> skb have pp_recycle set, and the skb1 is the newly allocated without
> pp_recycle set, after skb_split(), some payload of skb is split to
> the skb1, how to set the pp_recycle of skb1 seems tricky here.
> 
> > maybe you should special case the __skb_frag_ref when you know you are
> > loading a recycling skb instead of just assuming you want to do it
> > automatically.
> 
> I am not sure what does "special case" and "automatically" means here.

The 'special case' is an skb_split() were one or more of the frags ends up
being split right?

> One way I can think of is to avoid doing the __skb_frag_ref, and allocate
> a new frag for skb1 and do memcpying if there is a sharing frag between
> skb and skb1 when splitting. But it seems the allocating a new frag
> and memcpying seems much heavier doing the __skb_frag_ref.

We could also accept we'd only recycle some of the frags.  If the frag is 'split',
we could just unmap it and let the networking stack free it eventually. 
But that  would introduce some kind of dependency between the core networking 
code and page_pool,  which we've tried to avoid so far,  but more importantly
it will slow down the entire path for drivers that don't use page_pool ...

> 
> > 
> >> So increment the frag count when __skb_frag_ref() is called,
> >> and only use page->pp_magic to indicate if a frag page is from
> >> page pool, to avoid the above data race.
> > 
> > This assumes the page is only going to be used by the network stack.
> > My concern is what happens when the page is pulled out of the skb and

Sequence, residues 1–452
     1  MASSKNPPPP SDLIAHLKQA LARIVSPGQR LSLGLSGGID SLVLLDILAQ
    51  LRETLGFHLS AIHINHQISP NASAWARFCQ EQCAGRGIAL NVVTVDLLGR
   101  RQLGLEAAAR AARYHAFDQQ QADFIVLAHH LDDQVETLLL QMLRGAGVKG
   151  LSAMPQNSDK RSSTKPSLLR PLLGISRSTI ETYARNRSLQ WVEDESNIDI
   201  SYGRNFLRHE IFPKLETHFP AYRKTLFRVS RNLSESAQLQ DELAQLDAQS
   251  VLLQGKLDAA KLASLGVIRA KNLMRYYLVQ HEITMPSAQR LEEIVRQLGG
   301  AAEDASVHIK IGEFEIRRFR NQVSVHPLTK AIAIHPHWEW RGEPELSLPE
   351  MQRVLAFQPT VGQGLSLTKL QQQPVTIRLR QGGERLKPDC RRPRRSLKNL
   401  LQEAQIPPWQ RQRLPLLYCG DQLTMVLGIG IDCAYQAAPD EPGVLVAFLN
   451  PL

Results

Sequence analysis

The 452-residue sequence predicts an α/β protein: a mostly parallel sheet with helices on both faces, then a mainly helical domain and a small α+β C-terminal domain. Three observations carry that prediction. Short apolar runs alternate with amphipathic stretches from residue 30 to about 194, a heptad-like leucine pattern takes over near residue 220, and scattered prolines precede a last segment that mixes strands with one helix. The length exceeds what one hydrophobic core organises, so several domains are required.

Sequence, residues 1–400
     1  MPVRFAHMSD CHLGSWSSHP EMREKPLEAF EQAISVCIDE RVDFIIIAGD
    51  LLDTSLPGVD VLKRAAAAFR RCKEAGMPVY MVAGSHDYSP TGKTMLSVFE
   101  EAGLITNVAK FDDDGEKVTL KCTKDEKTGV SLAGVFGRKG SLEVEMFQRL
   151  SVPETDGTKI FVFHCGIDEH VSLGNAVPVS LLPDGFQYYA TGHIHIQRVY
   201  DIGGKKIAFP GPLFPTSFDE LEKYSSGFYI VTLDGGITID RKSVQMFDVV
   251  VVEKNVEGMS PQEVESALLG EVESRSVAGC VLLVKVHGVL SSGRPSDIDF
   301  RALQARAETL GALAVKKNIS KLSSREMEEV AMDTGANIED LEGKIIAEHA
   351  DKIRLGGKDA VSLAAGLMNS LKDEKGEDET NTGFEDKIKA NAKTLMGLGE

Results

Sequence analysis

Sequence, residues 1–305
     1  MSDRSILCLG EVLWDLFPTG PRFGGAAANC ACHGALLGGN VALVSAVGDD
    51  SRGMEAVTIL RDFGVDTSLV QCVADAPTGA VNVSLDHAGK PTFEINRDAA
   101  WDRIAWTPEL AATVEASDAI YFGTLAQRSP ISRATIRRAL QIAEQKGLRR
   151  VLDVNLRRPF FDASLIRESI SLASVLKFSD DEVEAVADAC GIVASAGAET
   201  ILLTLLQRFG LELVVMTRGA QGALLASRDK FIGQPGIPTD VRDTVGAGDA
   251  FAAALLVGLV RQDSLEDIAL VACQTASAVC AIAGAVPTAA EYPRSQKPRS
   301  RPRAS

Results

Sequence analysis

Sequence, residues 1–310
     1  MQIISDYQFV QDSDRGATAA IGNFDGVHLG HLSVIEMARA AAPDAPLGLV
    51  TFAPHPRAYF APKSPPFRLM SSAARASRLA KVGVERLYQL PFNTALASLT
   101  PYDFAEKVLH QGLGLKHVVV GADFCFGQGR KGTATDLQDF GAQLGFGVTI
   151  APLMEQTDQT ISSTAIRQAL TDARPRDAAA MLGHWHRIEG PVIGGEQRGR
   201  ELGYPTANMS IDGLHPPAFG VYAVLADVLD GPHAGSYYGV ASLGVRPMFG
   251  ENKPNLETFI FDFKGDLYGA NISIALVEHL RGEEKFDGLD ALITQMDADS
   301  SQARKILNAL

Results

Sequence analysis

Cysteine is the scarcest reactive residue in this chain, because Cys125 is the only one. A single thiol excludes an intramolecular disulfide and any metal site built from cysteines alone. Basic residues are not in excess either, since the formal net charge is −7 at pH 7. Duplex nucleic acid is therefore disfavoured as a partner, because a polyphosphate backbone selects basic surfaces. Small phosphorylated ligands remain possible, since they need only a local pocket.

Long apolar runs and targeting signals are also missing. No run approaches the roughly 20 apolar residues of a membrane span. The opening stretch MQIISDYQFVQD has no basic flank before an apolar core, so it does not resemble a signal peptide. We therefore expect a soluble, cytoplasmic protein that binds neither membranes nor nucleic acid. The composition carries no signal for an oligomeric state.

> > used for example in storage?
> 
> As my understanding, the above case works as before, as if the storage
> is holding reference to that page, the page pool will give up on that
> page by checking "page_ref_count(page) == 1" when the last user from
> network stack has done with a pp page(by checking page->pp_frag_count).
> 
> > 
> >> For 32 bit systems with 64 bit dma, we preserve the orginial
> >> behavior as frag count is used to trace how many time does a
> >> frag page is called with __skb_frag_ref().
> >>
> >> We still use both skb->pp_recycle and page->pp_magic to decide
> >> the head page for a skb is from page pool or not.
> >>

[...]

> >>
> >> +/**
> >> + * skb_frag_is_pp_page - decide if a page is recyclable.
> >> + * @page: frag page
> >> + * @recycle: skb->pp_recycle
> >> + *
> >> + * For 32 bit systems with 64 bit dma, the skb->pp_recycle is
> >> + * also used to decide if a page can be recycled to the page
> >> + * pool.
> >> + */
> >> +static inline bool skb_frag_is_pp_page(struct page *page,
> >> +                                      bool recycle)
> >> +{
> >> +       return page_pool_is_pp_page(page) ||
> >> +               (recycle && __page_pool_is_pp_page(page));
> >> +}
> >> +
> > 
> > The logic for this check is ugly. You are essentially calling
> > __page_pool_is_pp_page again if it fails the first check. It would
> > probably make more sense to rearrange things and just call
> > (!DMA_USE_PP_FRAG_COUNT || recycle)  && __page_pool_is_pp_page(). With
> > that the check of recycle could be dropped entirely if frag count is
> > valid to use, and in the non-fragcount case it reverts back to the
> > original check.
> 
> The reason I did not do that is I kind of did not want to use the
> DMA_USE_PP_FRAG_COUNT outside of page pool.
> I can use DMA_USE_PP_FRAG_COUNT directly in skbuff.h if the above
> is considered harmless:)
> 
> The 32 bit systems with 64 bit dma really seems a burden here, as
> memtioned by Ilias [1], there seems to be no such system using page
> pool, we might as well consider disabling page pool for such system?
> 
> Ilias, Jesper, what do you think?
> 
> 1. http://lkml.iu.edu/hypermail/linux/kernel/2107.1/06321.html
> 

Well I can't really disagree with myself too much :).  I still think we are
carrying a lot of code and complexity for systems that don't exist.

> > 
> >>  /**
> >>   * __skb_frag_unref - release a reference on a paged fragment.
> >>   * @frag: the paged fragment
> >> @@ -3101,8 +3126,10 @@ static inline void __skb_frag_unref(skb_frag_t *frag, bool recycle)
> >>         struct page *page = skb_frag_page(frag);
> >>
> >>  #ifdef CONFIG_PAGE_POOL
> >> -       if (recycle && page_pool_return_skb_page(page))